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Cairnfield and carved rocks on Snowden Carr 670m south west of Low Hall Farm

List Entry Summary

This monument is scheduled under the Ancient Monuments and Archaeological Areas Act 1979 as amended as it appears to the Secretary of State to be of national importance. This entry is a copy, the original is held by the Department for Culture, Media and Sport.

Name: Cairnfield and carved rocks on Snowden Carr 670m south west of Low Hall Farm

List entry Number: 1014303

Location

The monument may lie within the boundary of more than one authority.

County: North Yorkshire

District: Harrogate

District Type: District Authority

Parish: Askwith

National Park: Not applicable to this List entry.

Grade: Not applicable to this List entry.

Date first scheduled: 24-Apr-1996

Date of most recent amendment: Not applicable to this List entry.

Legacy System Information

The contents of this record have been generated from a legacy data system.

Legacy System: RSM

UID: 28064

Asset Groupings

This list entry does not comprise part of an Asset Grouping. Asset Groupings are not part of the official record but are added later for information.

List entry Description

Summary of Monument

Legacy Record - This information may be included in the List Entry Details.

Reasons for Designation

Cairnfields are concentrations of cairns sited in close proximity to one another. They often consist largely of clearance cairns, built with stone cleared from the surrounding landsurface to improve its use for agriculture, and on occasion their distribution pattern can be seen to define field plots. However, funerary cairns are also frequently incorporated, although without excavation it may be impossible to determine which cairns contain burials. Clearance cairns were constructed from the Neolithic period (from c.3400 BC), although the majority of examples appear to be the result of field clearance which began during the earlier Bronze Age and continued into the later Bronze Age (2000-700 BC). The considerable longevity and variation in the size, content and associations of cairnfields provide important information on the development of land use and agricultural practices. Cairnfields also retain information on the diversity of beliefs and social organisation during the prehistoric period.

Prehistoric rock carving is found on natural boulders and rock outcrops in many areas of upland Britain. It is especially common in the north of England in Northumberland, Durham, and North and West Yorkshire. The most common form of decoration is the `cup' marking, where small cup-like hollows are worked into the surface of the rock. These cups may be surrounded by one or more `rings'. Single pecked lines extending from the cup through the rings may also exist, providing the design with a `tail'. Other shapes and patterns also occur but are less frequent. Carvings may occur singly, in small groups, or may cover extensive areas of rock surface. They date to the Late Neolithic and Bronze Age periods (2800-c.500 BC) and provide one our most important insights into prehistoric `art'. The exact meaning of the designs remains unknown, but they may be interpreted as sacred or religious symbols. All positively identified prehistoric rock carvings exhibiting a significant group of designs will normally be identified as nationally important. This cairnfield survives well and may preserve burials. It forms part of the prehistoric landscape of Snowden Carr. The carvings on these rocks also survive well and information on their relationship to the cairnfield will be preserved.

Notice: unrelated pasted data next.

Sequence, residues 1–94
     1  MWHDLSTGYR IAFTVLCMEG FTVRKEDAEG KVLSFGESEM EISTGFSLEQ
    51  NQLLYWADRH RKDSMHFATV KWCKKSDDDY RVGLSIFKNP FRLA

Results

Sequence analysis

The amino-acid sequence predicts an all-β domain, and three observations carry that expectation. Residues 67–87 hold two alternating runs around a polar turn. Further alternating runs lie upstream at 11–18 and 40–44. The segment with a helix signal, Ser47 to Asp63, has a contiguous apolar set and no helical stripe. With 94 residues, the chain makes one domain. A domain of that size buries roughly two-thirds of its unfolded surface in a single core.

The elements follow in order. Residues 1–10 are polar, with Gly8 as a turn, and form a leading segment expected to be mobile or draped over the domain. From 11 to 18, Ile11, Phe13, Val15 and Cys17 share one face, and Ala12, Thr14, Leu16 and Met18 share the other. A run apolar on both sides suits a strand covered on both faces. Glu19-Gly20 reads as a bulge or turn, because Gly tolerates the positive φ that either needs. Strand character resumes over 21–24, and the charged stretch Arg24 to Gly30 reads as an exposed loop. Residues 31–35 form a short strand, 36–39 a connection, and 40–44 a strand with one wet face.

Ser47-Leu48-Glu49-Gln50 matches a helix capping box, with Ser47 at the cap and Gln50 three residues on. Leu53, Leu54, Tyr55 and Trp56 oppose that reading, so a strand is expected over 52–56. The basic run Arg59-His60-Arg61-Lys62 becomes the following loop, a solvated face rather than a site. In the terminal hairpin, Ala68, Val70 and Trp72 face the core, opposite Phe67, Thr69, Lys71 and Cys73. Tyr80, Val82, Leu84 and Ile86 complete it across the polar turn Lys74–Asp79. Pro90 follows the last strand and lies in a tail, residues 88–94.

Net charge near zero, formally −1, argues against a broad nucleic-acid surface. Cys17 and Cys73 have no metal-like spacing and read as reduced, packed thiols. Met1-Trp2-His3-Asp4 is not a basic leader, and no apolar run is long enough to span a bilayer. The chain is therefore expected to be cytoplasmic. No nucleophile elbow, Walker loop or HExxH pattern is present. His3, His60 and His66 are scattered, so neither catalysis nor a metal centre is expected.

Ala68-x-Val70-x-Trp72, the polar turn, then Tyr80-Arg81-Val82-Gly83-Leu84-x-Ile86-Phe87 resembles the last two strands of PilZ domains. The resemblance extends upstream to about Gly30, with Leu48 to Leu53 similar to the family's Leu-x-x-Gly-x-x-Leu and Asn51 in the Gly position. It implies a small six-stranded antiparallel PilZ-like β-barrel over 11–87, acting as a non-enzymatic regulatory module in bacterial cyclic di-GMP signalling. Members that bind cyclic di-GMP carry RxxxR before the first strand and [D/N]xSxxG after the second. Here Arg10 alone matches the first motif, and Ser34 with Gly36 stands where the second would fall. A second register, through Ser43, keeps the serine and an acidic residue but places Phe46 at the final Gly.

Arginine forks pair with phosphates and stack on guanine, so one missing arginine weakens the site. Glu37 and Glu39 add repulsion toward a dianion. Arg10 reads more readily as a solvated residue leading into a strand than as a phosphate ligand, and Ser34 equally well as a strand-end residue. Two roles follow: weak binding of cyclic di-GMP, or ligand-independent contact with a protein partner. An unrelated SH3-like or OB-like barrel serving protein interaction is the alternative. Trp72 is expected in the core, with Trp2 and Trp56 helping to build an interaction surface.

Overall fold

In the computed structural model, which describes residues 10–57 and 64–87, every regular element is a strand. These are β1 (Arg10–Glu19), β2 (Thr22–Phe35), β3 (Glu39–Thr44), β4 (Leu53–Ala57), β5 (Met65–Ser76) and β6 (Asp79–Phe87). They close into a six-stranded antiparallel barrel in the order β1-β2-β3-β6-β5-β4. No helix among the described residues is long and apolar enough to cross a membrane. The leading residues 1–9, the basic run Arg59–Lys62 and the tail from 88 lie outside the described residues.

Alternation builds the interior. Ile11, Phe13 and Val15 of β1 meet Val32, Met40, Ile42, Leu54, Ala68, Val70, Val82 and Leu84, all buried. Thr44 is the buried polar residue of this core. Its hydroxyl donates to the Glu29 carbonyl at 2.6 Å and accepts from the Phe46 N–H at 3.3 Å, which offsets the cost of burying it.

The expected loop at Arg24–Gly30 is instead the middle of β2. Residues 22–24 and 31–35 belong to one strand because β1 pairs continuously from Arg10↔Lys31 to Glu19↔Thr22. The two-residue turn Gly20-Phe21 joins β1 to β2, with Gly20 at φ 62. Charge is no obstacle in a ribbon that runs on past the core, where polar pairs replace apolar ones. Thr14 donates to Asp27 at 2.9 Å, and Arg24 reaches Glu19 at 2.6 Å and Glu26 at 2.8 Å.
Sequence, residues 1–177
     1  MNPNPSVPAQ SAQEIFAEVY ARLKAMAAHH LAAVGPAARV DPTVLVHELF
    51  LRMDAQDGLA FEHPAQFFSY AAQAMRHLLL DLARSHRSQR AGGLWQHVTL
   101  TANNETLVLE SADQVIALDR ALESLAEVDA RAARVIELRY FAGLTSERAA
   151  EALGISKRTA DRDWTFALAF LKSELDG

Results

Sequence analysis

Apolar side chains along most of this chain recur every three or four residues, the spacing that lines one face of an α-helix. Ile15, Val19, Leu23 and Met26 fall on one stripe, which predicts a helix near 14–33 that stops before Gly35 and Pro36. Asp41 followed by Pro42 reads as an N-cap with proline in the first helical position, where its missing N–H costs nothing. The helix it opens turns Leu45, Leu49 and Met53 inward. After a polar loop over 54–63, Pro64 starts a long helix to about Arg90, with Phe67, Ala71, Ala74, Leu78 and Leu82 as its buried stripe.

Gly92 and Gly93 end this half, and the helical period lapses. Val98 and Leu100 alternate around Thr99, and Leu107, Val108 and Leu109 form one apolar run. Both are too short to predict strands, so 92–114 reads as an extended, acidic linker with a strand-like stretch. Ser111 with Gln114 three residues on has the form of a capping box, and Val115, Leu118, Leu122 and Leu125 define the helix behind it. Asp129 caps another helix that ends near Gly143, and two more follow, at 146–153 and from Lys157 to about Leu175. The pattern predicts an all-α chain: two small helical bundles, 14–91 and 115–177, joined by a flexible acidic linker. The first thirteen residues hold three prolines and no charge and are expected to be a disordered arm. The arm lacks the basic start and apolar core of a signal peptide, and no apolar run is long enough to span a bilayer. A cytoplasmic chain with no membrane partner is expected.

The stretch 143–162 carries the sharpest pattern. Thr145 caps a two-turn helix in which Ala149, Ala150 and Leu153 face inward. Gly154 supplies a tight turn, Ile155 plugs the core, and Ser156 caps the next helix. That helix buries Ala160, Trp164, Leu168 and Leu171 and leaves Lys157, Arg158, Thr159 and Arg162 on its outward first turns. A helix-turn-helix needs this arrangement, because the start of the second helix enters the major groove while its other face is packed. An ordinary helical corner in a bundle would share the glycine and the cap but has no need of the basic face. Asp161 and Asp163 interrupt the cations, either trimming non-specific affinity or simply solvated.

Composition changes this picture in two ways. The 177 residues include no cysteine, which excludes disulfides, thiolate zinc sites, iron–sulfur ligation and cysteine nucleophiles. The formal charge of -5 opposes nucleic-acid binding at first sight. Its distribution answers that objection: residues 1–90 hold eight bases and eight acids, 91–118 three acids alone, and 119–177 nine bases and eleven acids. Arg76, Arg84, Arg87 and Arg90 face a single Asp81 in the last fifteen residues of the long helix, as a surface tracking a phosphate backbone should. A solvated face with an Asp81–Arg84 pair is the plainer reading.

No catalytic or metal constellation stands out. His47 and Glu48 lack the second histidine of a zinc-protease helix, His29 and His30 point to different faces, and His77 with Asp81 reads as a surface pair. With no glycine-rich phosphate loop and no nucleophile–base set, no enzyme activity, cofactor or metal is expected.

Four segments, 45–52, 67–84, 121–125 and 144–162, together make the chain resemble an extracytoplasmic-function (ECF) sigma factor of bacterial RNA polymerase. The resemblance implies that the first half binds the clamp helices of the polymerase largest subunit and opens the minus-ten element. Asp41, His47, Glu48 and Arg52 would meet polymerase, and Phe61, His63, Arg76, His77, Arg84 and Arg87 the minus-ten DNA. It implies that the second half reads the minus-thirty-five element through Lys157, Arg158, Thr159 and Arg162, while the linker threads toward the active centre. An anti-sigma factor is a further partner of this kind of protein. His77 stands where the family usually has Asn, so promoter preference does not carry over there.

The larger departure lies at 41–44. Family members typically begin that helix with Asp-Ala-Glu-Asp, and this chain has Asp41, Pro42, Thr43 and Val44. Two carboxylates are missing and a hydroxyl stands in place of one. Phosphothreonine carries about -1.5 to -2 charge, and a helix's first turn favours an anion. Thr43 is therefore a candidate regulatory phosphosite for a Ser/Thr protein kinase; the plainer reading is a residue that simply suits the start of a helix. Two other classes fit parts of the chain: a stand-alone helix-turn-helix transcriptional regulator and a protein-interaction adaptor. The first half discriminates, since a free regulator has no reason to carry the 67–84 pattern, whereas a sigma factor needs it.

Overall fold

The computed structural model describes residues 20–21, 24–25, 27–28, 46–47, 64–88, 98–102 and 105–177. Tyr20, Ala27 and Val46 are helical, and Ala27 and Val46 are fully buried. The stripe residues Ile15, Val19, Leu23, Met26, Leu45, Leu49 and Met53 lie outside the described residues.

History

Legacy Record - This information may be included in the List Entry Details.

Details

The monument includes a cairnfield consisting of at least 25 cairns, a number of fragments of boulder walling, and at least 12 carved rocks. It is situated on Snowden Carr, east of a carpark on Askwith Moor Road, and is crossed by a gas pipeline. The cairns range from 3m-8m in diameter, and are up to 1m high. The walling consists of rough lines of boulders partly obscured by deep heather. Most of the cairns are undisturbed, but some of the larger carved rocks appear to have been hewn for building stone; this is most common at the north eastern edge of the cairnfield. The carvings on the rocks vary from a few cup marks to complexes of cups, rings, and grooves. Most are concentrated in a small area close to the eastern edge of the cairnfield. Some of the rocks are incorporated into cairns, but it is not clear whether the carvings were made before or after the rocks were moved. The majority of carvings are on rocks which are well-embedded in the ground.

MAP EXTRACT The site of the monument is shown on the attached map extract.

Selected Sources

Legacy Record - This information may be included in the List Entry Details

National Grid Reference: SE 17754 50991

Map

Map
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The above map is for quick reference purposes only and may not be to scale. For a copy of the full scale map, please see the attached PDF - 1014303 .pdf

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This copy shows the entry on 19-Nov-2017 at 06:06:41.

End of official listing